The most difficult words to say in any language are these, “I’m sorry; forgive me.” Yet what other combination of so few words brings so much healing to mankind? “I’m sorry; forgive me”–these words make the difference between broken relationships and the healing that restores fragmented lives.
Edward Herbert once said, “He that cannot forgive others breaks the bridge over which he must pass himself; for every man has need to be forgiven.” It seems that our pride, our refusal to admit that we may have been wrong—at least partially wrong—is what makes it so difficult to say, “I’m sorry; forgive me.” When you say this you are doing a great deal more than tendering an apology. You are really saying, “I covet my friendship or my relationship with you, and I want to build a bridge over the troubled waters that separate us.”
Our tendency to place the blame on the other person goes back as far as the genesis of man himself. Remember the simple story of creation where Eve took of the forbidden fruit and then Adam followed her example? Yet when God asked, “Adam, why have you done this?” Adam put the blame on his wife, saying, “The woman you put here with me—she gave me some fruit from the tree, and I ate it” (Genesis 3:12).
Saying “I’m sorry; forgive me” puts the blame squarely on your shoulders and tells the other person you are willing to stand the consequences of causing your separation. Of course there are many other ways you can try to build bridges. You can say, “Let’s forget it,” or “Let’s just not talk about it anymore.” You can also say, “I suppose we are both to blame…” But nothing has the healing power of those four simple words, “I’m sorry; forgive me.”
Be kind and…forgiving…just as in Christ God forgave you. Ephesians 4:32
Trying to continue a relationship without removing the bitter feelings between two people is like trying to put a shirt on with a knife still sticking in your back, or like trying to drive a car with a flat tire while pretending that all are inflated. When an apology is due, it should be made as soon as possible and with dignity. Do not think for a moment that there is not the nobility of a king when you bring yourself to say, “I’m sorry; forgive me.” A man never reaches so high as when he stoops humbly to offer an apology.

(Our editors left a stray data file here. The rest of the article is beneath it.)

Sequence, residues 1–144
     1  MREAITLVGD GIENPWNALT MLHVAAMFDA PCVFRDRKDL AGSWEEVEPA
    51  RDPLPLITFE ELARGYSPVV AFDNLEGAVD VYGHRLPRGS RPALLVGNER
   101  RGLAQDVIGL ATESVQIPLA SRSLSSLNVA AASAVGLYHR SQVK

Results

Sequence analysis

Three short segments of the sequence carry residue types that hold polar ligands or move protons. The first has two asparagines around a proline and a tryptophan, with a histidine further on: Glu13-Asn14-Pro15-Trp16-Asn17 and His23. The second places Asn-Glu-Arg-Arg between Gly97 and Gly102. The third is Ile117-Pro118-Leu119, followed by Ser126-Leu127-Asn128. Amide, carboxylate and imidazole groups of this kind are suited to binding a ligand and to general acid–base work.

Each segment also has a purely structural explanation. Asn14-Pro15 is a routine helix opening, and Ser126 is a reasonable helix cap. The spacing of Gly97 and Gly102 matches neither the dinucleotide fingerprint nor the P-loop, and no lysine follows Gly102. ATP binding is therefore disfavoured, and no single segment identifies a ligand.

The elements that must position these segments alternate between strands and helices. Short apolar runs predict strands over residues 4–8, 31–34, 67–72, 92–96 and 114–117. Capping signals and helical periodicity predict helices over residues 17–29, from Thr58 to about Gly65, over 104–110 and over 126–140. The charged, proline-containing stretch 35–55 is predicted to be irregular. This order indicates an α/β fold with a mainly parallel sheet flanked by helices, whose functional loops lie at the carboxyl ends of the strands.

I know what you are thinking; down in your heart you are saying, “I’m not altogether to blame, you know. The other person is just as guilty as I am.” Again, you may be saying, “Why should I apologize? It is not my fault. Why should I say ‘I’m sorry; forgive me’”? Perhaps you are right. Yet, are you not genuinely sorry that your relationship is hurt‑‑that someone whose friendship or love meant a great deal to you now avoids you, or has been separated from you? Why not tell your friend just how you feel‑‑that you are genuinely sorry that your friendship has been hurt, and that you would like to see it restored. That confession‑‑made in all honesty‑‑is the equivalent of holding out the olive branch. It may be just what is necessary for the other to admit his part in the problem.
Years ago, the Apostle Paul penned these beautiful guidelines for fractured human relations when he wrote, “Be kind and compassionate to one another, forgiving each other, just as in Christ God forgave you” (Ephesians 4:32). To remember is so very human‑‑to forgive is so very divine. When Jesus arbitrated the question of forgiveness, He told fisherman Peter that we are to forgive seventy times seven (Matthew 18:22). When you think that you cannot say these words, “I’m sorry; forgive me,” remember the forlorn figure who was crucified at the hands of the Romans as He said, “Father, forgive them, for they do not know what they are doing” (Luke 23:34). Find God’s strength to say, “I’m sorry; forgive me.”
Resource reading: Matthew 18:21-35